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Let say wife owns 2 houses values at 2.5M with income only from stock trades. The husband earns 150K before tax, has no saving, no properties and won't take anything from the 2 houses.

The wife doesn't want any alimony but only child support. The 2 kids are to stay with mom. What would be a fair amount for child support?

closed as primarily opinion-based by Nij, rhymes_with_dorange, Pat W., Tim Lymington, DPenner1 Apr 11 '18 at 0:38

Many good questions generate some degree of opinion based on expert experience, but answers to this question will tend to be almost entirely based on opinions, rather than facts, references, or specific expertise. If this question can be reworded to fit the rules in the help center, please edit the question.

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There are statutory guidelines that are based upon the gross income of each parent, the number of children, the extraordinary expenses of the children, and number of nights a child spends with each parent, which are adopted by states in order for the states to be eligible for federal welfare programs; although standards vary somewhat. Income can be imputed if a party has an ability to earn income but does not exercise it. But, assets owned aren't considered unless they produce or could produce income.

In the absence of a showing of unfitness sufficient to terminate the parental rights of a parent for abuse or neglect, or some extremely unique circumstance (e.g., one parent is on the space station 365 days a year), no parent ever has 100% of the nights with the children.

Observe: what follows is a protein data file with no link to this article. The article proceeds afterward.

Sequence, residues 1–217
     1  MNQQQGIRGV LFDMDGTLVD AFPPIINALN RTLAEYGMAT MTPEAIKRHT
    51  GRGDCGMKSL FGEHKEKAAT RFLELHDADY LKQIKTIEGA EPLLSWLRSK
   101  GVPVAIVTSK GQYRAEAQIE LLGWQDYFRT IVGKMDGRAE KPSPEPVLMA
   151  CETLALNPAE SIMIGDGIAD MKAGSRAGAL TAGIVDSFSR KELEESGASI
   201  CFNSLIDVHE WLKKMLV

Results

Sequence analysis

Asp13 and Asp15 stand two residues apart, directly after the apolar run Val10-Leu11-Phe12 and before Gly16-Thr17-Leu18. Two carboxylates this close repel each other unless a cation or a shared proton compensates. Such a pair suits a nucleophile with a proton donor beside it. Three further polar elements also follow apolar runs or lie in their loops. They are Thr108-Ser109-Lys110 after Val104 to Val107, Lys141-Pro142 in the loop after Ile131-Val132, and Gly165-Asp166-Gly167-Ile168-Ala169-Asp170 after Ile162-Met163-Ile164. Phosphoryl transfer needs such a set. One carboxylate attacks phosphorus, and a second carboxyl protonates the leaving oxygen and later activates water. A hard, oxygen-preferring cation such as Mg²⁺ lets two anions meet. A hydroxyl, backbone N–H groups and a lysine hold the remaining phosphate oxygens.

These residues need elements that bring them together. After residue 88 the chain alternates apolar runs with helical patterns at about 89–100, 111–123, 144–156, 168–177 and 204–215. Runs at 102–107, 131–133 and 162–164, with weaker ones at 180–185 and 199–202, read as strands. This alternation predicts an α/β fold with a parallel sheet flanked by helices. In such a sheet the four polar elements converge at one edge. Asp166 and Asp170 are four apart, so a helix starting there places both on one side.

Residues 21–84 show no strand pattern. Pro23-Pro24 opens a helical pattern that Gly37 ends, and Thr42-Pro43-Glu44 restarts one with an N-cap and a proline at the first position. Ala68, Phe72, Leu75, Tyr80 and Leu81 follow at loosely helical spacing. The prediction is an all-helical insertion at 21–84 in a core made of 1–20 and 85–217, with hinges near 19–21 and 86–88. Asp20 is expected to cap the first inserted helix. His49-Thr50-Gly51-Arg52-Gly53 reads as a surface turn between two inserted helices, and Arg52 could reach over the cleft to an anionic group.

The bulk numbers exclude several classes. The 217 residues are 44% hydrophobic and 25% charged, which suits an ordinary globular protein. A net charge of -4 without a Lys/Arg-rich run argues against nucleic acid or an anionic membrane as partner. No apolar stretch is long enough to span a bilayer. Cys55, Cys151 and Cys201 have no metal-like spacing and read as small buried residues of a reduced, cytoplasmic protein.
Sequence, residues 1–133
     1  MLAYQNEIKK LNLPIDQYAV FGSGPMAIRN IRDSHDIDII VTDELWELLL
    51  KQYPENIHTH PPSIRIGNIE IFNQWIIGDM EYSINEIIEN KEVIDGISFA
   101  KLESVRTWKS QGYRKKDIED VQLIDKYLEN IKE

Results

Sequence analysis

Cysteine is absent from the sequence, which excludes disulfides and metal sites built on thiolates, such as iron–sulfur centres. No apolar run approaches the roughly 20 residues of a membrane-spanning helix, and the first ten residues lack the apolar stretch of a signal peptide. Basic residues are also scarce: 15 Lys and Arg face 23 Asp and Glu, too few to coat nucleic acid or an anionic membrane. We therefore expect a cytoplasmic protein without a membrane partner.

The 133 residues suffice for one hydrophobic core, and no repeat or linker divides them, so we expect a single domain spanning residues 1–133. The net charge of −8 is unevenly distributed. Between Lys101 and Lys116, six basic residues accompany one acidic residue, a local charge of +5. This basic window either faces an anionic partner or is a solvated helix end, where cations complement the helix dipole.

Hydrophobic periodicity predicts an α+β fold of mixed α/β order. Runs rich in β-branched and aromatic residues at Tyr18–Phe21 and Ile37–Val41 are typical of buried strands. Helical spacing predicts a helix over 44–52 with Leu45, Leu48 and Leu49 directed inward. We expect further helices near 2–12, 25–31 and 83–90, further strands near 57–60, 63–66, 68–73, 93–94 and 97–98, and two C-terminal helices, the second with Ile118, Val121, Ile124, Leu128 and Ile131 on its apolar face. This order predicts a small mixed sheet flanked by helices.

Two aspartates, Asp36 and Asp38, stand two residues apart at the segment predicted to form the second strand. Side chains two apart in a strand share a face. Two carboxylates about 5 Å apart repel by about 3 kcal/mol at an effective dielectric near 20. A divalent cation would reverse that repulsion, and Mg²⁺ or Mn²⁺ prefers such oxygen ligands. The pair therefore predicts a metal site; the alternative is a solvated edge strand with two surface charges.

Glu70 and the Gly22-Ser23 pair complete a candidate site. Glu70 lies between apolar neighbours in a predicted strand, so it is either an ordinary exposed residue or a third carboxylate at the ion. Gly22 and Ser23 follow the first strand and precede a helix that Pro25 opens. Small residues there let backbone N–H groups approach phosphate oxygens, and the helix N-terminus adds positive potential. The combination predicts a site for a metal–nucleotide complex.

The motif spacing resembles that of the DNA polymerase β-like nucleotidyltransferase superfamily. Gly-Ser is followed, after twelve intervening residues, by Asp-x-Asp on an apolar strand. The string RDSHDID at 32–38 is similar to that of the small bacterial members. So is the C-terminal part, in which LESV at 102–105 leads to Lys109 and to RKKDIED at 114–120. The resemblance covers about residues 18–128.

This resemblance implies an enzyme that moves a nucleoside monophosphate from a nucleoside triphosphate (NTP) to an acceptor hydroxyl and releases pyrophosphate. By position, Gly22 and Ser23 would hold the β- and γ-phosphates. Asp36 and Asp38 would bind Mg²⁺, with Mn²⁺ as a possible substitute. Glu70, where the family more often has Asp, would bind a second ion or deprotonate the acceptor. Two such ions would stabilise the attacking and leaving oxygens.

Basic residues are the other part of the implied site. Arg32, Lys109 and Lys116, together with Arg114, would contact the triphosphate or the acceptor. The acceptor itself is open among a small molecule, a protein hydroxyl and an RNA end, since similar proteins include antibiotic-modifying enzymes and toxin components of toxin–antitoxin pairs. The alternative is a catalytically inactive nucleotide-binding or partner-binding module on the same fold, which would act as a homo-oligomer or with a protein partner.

Without having a more realistic estimate of the number of nights with each child, and a fair guess of the capacity of mom to earn income including income from stock trades, it isn't possible to make a realistic estimate.

To get the correct estimate, you would need to do a full fledged child support guidelines calculation, but this question doesn't have enough information to do that. A good rule of thumb is that child support for two children is typically about 25% of the difference in income of the couple times the number of days that one parent has a child more than the the parent, divided by the number of days in the year.

For a pretty typical parenting time division, that would work out to about 10% of the difference in income between the parties paid by the higher income party to the less high income party within a normal range. But this is strictly a rule of thumb.

However, in a case like the one you describe, the rental value of one of the houses would probably be imputed as income to the wife, as would the profits she makes in an average year from stock trades. The rental value of a $1.25 million house is probably about $72,000 a year. It is hard to value stock trades which depend upon the size of the portfolio and the skill of the trader.

If the stock trades generated $28,000 of income a year and the wife has the kids 5 nights a week, and there were no extraordinary expenses, child support might typically be on the order of $416 a month. If wife made $78,000 from stock trades, child support would be nominal (they would have equal incomes, but she would have a few more days a year).

But, that involves some very specific assumptions.

Also, in situations like this one where the facts are so extraordinary relative to a typical divorced couple and the family is very affluent on a combined basis, the judge has wide discretion to deviate from the guidelines on a case by case basis. In reality, no case like this has a clear fair or typical resolution and it would depend a great deal upon how the case was argued and how the facts were developed by the parties and their counsel.

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